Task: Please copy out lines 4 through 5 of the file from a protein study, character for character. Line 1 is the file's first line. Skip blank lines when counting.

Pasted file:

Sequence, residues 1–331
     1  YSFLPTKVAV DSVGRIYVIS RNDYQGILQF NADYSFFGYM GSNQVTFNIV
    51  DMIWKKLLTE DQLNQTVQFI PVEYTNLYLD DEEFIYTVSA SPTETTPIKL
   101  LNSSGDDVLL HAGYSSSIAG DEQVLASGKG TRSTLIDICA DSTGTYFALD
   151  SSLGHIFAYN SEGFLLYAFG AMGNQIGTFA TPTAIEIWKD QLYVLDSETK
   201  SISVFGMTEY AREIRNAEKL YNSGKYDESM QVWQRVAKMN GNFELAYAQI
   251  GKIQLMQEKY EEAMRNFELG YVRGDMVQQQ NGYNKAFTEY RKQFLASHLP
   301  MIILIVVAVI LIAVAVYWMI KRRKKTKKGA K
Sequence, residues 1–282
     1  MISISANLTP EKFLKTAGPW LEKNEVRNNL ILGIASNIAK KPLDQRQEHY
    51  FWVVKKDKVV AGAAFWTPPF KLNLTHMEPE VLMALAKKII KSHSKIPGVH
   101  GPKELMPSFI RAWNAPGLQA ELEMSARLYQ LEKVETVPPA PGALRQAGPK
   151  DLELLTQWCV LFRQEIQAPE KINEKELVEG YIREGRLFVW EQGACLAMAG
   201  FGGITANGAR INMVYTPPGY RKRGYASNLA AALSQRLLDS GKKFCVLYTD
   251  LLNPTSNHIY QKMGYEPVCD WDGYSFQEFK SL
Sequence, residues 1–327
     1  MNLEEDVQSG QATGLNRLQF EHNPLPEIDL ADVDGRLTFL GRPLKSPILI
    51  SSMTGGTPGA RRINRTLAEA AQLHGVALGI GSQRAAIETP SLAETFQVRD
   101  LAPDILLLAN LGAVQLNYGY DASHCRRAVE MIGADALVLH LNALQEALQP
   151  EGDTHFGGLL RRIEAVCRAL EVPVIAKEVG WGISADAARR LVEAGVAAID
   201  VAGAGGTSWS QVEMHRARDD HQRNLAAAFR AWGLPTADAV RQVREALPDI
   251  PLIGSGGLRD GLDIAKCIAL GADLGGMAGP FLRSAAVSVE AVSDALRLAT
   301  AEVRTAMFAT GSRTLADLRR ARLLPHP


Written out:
   101  LNSSGDDVLL HAGYSSSIAG DEQVLASGKG TRSTLIDICA DSTGTYFALD
   151  SSLGHIFAYN SEGFLLYAFG AMGNQIGTFA TPTAIEIWKD QLYVLDSETK